Town staff also will develop educational material with the objective of having a mailer or Woodsider article announcing the new commercial leaf blowing hours and explaining the incentive program, according to a staff report.

The ordinance will go into effect next month.

At the top of the meeting, the council issued a proclamation recognizing the community service work of Alice's Restaurant and its co-owners, brothers Andy and Jamie Kerr. Alice's has cooked and served hundreds of meals for first responders throughout the coronavirus pandemic and in the last month, cooked and delivered meals to first responders, volunteer firefighters and isolated community members during the CZU Lightning Complex fires.

At the same meeting, the council unanimously approved introducing an ordinance amending portions of the zoning code related to "natural state," requiring that when a property is developed, a certain percentage of a hillside lot be left undisturbed to help maintain natural habitat and rural character.

According to a staff report, amendments will remove natural state requirements from undeveloped lots that are 1 acre or less and make the regulations the same as they are for developed lots 1 acre or less. In situations where land must be restored to natural state, Woodside will create reclamation standards prepared by a town biologist and clarify the natural state definition.

Youth committee, appointments

Council members unanimously expressed support for the creation of a Youth Advisory Committee, with the aim of encouraging civic engagement and promoting volunteerism. The committee would be made up of middle school and high school students and open to young Woodside residents regardless of whether they attend school in the town or not. Town staff will develop a draft charter and a plan for seeking participation from local youth.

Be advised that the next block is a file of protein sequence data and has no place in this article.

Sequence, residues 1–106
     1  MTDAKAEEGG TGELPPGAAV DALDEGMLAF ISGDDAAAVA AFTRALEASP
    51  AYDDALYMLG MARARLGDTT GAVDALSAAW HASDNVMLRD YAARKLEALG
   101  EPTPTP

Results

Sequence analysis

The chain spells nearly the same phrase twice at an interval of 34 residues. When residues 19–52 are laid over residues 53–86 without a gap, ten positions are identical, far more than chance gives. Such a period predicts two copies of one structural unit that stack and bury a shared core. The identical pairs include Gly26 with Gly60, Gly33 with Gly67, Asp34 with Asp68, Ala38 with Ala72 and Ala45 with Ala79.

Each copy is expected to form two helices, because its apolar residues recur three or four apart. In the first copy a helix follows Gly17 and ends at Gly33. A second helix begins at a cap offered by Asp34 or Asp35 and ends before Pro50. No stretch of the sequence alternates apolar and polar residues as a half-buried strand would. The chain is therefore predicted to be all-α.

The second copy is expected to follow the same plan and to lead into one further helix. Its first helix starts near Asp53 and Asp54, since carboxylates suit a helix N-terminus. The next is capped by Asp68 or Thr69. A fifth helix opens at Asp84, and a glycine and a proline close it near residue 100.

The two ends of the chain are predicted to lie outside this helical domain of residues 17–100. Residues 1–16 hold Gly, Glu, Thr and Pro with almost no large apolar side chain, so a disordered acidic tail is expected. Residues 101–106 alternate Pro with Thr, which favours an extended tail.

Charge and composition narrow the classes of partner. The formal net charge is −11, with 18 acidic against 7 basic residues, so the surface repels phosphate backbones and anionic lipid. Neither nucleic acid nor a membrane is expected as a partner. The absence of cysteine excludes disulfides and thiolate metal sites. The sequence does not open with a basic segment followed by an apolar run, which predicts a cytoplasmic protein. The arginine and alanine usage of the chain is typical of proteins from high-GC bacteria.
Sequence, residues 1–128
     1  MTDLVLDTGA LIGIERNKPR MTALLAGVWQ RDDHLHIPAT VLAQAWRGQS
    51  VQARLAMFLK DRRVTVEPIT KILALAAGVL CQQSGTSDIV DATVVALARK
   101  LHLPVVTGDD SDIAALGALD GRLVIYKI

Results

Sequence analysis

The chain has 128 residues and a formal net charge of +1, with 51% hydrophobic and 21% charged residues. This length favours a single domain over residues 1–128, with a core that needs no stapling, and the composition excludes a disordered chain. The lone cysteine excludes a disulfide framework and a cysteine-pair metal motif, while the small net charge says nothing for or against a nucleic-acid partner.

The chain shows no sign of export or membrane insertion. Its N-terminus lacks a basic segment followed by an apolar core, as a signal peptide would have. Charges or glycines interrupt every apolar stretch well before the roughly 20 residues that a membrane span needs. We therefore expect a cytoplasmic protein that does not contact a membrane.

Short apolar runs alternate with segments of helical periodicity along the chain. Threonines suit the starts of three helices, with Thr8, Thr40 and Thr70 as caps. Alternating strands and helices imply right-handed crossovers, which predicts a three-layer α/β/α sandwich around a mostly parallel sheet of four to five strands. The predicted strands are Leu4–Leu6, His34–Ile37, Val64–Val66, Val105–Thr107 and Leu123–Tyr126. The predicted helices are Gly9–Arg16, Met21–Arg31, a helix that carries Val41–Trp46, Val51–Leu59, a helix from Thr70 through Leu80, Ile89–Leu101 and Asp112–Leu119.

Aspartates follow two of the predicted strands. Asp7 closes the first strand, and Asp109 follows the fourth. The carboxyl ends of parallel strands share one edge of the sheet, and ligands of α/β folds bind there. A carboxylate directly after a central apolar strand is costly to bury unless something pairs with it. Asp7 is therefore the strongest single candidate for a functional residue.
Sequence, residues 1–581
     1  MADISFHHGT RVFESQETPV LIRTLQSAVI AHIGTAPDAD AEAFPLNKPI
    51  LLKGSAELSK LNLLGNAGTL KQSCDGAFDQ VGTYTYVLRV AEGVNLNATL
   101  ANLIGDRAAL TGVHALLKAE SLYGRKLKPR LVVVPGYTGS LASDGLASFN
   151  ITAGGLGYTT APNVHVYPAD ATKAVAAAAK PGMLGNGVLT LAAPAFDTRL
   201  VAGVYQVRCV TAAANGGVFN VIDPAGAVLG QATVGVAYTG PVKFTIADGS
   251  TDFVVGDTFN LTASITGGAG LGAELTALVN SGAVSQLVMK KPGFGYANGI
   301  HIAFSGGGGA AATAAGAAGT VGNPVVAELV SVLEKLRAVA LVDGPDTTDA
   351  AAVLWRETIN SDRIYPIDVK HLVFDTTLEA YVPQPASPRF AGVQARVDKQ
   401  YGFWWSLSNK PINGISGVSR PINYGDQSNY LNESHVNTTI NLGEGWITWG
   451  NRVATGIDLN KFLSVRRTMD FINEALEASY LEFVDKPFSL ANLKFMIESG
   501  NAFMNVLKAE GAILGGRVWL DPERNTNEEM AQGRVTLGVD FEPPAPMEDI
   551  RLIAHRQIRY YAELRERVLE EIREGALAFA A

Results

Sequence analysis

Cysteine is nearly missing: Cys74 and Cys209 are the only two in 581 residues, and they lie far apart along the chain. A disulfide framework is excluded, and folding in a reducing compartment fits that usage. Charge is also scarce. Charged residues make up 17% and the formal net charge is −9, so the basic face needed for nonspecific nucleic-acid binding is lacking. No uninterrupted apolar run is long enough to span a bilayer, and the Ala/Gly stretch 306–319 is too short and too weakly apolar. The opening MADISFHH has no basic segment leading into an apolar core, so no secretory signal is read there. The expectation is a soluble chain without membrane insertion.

Based on the recommendations of the Town Council Committees Appointments Subcommittee, the council approved the appointments of Sunil Suri to the Arts and Culture Committee, David Mittelman and Joshua Mittelman to the Emergency Preparedness Committee and Bree-Anna Vail to the Woodside History Committee.

In other business, the council voted unanimously to hire a consultant to aid in the planning for the next state-mandated Regional Housing Needs Assessment cycle and voted unanimously to introduce an amendment to the municipal code for bidding on public projects. The code will no longer include specific dollar amounts — thresholds which are set and periodically updated by the state. The aim is to streamline the process and eliminate the need to make future amendments to the municipal code whenever the state updates the thresholds.

Comments

Really !
Registered user
Woodside: other
on Sep 17, 2020 at 12:55 pm
Really !, Woodside: other
Registered user
on Sep 17, 2020 at 12:55 pm
3 people like this

Councilman Dick Brown voted no. For the wrong reason.
The council is not considering the impact of blowing stuff containing carcinogens into the air.
Far bigger issue.
Eliminate the blowers and everyone benefits.
WAKE up council


lelkins
Registered user
Menlo Park: The Willows
on Sep 17, 2020 at 1:06 pm
lelkins, Menlo Park: The Willows
Registered user
on Sep 17, 2020 at 1:06 pm
2 people like this


jgftw
Registered user
Menlo Park: Sharon Heights
on Sep 18, 2020 at 3:15 pm
jgftw, Menlo Park: Sharon Heights
Registered user
on Sep 18, 2020 at 3:15 pm
2 people like this

Dick Brown is right. People around here no longer seem to value (or understand) freedom very much, and seem to think their fellow citizens are too dumb to make their own choices. Somehow that belief supposedly justifies forcing other people to act in agreement with the self-anointed. Welcome to California, I guess.

And yes, leaf blowers emit irrelevantly small amounts of CO2. So does breathing, and so does driving, and so does producing the device you’re reading this on. There’s a good reason we do these things: they help human beings live and live well. That’s the standard that matters.

This ban is just virtue signaling, and I hope everyone involved knows that your nakedly anti-human motivations are clear as daylight.